Our own worst enemies

synergy

Senior Member
This post is a response to one that Jay posted a week or so ago. That one was about a great player he knew that had a kit that was basically held together with duct tape. however he still made it sing and now he is moving to NY I think.

I was looking at my bass player last night at our practice and I was so jealous- he has a guitar, an amp and a lead. Thats it!

I am fortunate I feel to have a good kit - I would like a couple of additions and a few better cymbals but on the whole I feel lucky.

I read a lot of posts about people wanting more stuff- they have 12 cymbals but just cant resist that new cymbal etc etc etc.

Guitarists for the most part are on a par with drummers I feel with effects pedals et all and Maybe keyboard players- I have never seen a pro keyboard player that does not seem to have about 6 keyboards around them on top of each other.

My point here was are we the ones to blame for 'wanting' all this equipment of have we been suckered in by the corporations and Ad-men that tell us that we need all this extra crap?

Just wondering if there is another group of musicians that seemed to be consumed about gear as much as drummers?
 

boombopper

Junior Member
With us dirty stinkin drummers, we are always looking for challenge and variety. A 5-piece kit with 4 cymbals should be enough for anyone but for some reason, we (or maybe I'm just thinking of myself here) think that adding some roto toms, a darbuka and one of those hanging spiral cymbals that Zil makes will be that "extra something" that will set us apart from the crowd. Hell, why not add a clave block or two and don't forget the Factory Metal Cross Crasherz!!!!! Damn it, I need more cowbell!!!!!! In fact, I need an entire set of cowbells. And everybody knows that one china cymbal isn't enough! You need a RANGE of chinas from nearly microscopic in size to 24 feet in diameter! Now we're talkin! I need to get a bigger van. Maybe a Winnebago.

In all seriousness, though, maybe we need to address the issues of challenge and variety by perfecting technique. Also, I've found that interjecting a bit of variety can be done cost-effectively with just a few minimal purchases. For example, get a double bass pedal. That's a $300 way to persue a completely different style that will keep a drummer busy for quite some time! That's a freakin deal! Furthermore, it's not a whole lot of extra gear to carry around. Also, a set of roto toms isn't a bad idea. It's nice to have a higher-pitched option for fills and accents. And maybe the clave blocks aren't a bad idea either. Christ. Listen to me. I've got problems!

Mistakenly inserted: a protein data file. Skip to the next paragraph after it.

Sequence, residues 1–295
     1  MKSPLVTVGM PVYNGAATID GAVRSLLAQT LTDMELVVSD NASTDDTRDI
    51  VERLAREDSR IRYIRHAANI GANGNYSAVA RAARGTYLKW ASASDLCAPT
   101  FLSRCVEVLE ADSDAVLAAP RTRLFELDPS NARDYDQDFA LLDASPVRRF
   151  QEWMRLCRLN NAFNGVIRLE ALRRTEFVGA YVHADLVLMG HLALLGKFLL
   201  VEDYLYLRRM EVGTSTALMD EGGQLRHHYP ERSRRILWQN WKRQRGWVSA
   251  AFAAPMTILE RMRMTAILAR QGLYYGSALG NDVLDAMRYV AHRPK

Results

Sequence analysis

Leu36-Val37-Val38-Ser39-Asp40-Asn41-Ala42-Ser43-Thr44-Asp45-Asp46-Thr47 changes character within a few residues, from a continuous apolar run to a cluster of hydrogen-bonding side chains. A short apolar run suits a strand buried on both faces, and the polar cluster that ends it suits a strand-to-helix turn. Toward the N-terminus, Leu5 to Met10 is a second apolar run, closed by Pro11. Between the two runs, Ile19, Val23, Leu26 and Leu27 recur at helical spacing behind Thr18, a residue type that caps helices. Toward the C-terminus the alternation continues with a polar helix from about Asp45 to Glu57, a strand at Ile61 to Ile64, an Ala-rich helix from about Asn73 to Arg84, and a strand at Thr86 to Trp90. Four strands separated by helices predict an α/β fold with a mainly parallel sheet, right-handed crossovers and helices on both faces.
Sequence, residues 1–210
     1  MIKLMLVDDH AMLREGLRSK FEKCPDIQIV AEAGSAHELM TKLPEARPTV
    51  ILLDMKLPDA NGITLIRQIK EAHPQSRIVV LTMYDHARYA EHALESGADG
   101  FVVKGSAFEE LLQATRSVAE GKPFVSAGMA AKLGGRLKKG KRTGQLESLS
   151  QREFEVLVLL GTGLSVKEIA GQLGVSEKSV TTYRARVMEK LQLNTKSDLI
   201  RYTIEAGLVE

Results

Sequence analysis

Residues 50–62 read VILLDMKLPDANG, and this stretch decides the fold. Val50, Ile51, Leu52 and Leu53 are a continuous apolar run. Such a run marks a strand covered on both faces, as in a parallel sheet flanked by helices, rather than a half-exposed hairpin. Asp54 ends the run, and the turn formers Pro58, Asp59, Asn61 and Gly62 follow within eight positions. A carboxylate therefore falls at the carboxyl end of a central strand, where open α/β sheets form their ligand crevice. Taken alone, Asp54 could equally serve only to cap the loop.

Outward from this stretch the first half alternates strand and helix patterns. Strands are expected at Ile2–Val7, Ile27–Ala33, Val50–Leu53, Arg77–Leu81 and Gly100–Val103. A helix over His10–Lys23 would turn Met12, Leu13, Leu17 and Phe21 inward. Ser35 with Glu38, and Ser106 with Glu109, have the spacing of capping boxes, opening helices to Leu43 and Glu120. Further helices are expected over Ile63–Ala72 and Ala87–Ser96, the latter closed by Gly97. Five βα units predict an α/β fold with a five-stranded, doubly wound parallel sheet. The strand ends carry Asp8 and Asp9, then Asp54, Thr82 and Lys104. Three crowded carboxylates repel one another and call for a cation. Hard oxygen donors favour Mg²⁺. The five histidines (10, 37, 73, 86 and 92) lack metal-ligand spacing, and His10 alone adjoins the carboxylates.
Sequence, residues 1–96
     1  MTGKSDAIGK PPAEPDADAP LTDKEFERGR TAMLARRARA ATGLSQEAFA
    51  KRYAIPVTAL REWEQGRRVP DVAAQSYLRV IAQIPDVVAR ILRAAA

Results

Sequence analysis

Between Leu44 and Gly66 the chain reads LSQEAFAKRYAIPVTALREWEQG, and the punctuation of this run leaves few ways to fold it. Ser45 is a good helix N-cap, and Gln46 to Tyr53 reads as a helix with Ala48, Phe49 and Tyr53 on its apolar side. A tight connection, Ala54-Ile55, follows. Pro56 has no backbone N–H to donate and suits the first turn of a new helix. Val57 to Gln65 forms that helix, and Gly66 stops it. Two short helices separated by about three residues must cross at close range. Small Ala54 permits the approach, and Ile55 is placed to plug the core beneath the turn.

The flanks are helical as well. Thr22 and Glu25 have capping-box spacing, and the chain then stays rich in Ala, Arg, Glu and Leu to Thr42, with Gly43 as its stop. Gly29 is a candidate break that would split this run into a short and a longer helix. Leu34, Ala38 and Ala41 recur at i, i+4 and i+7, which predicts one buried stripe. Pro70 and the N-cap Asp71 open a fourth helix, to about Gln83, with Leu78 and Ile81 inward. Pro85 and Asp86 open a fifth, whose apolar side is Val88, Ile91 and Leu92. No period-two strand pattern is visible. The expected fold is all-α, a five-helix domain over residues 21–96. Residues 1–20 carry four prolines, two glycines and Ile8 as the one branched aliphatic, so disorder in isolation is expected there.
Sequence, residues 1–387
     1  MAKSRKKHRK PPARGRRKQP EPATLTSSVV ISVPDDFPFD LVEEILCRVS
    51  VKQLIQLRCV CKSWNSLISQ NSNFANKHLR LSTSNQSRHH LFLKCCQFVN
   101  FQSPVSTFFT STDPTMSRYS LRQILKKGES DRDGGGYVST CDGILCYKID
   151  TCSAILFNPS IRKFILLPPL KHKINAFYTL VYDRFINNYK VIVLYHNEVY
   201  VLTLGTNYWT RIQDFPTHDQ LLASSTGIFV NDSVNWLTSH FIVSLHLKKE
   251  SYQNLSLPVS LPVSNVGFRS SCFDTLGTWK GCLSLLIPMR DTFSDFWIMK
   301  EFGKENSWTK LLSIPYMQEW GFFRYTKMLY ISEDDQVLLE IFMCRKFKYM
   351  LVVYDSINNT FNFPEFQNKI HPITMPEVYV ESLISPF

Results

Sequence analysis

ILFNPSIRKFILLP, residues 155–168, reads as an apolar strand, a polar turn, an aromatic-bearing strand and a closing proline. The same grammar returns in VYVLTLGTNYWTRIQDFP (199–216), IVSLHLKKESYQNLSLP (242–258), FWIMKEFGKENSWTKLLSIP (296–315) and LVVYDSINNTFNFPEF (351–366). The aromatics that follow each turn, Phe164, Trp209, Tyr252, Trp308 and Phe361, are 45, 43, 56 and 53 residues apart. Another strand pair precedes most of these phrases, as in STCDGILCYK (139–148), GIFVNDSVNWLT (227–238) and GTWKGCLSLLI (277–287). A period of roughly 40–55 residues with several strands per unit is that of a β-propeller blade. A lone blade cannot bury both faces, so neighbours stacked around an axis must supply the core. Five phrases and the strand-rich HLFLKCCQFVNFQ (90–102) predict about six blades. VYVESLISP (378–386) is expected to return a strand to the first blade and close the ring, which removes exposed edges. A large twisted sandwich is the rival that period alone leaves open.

Deltadrummer

Platinum Member
Out there in the real world, guys who make a living playing jazz in clubs do not have 8-12 grand to lay down for a custom kit.:) (And if they do, they certainly don't bring it into the clubs.)

I saw Marko Marcinko with Dave Liebman play the hell out of a Yamama Tour Custom. Paul Motian plays those natural Gretsch Renown drums, can't be too expensive. I think one of his cymbals is cracked too. Most guys use a good mid-range kit.

I have an M Birch kit and I think it is better than any kit I had back in the day, and costs less. I good mid-range kit with nice heads can sound really nice, if you tune it correctly and oh yeah, know how to play it.
 
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Vipercussionist

Silver Member
This post is a response to one that Jay posted a week or so ago. That one was about a great player he knew that had a kit that was basically held together with duct tape. however he still made it sing and now he is moving to NY I think.

I was looking at my bass player last night at our practice and I was so jealous- he has a guitar, an amp and a lead. Thats it!

I am fortunate I feel to have a good kit - I would like a couple of additions and a few better cymbals but on the whole I feel lucky.

I read a lot of posts about people wanting more stuff- they have 12 cymbals but just cant resist that new cymbal etc etc etc.

Guitarists for the most part are on a par with drummers I feel with effects pedals et all and Maybe keyboard players- I have never seen a pro keyboard player that does not seem to have about 6 keyboards around them on top of each other.

My point here was are we the ones to blame for 'wanting' all this equipment of have we been suckered in by the corporations and Ad-men that tell us that we need all this extra crap?

Just wondering if there is another group of musicians that seemed to be consumed about gear as much as drummers?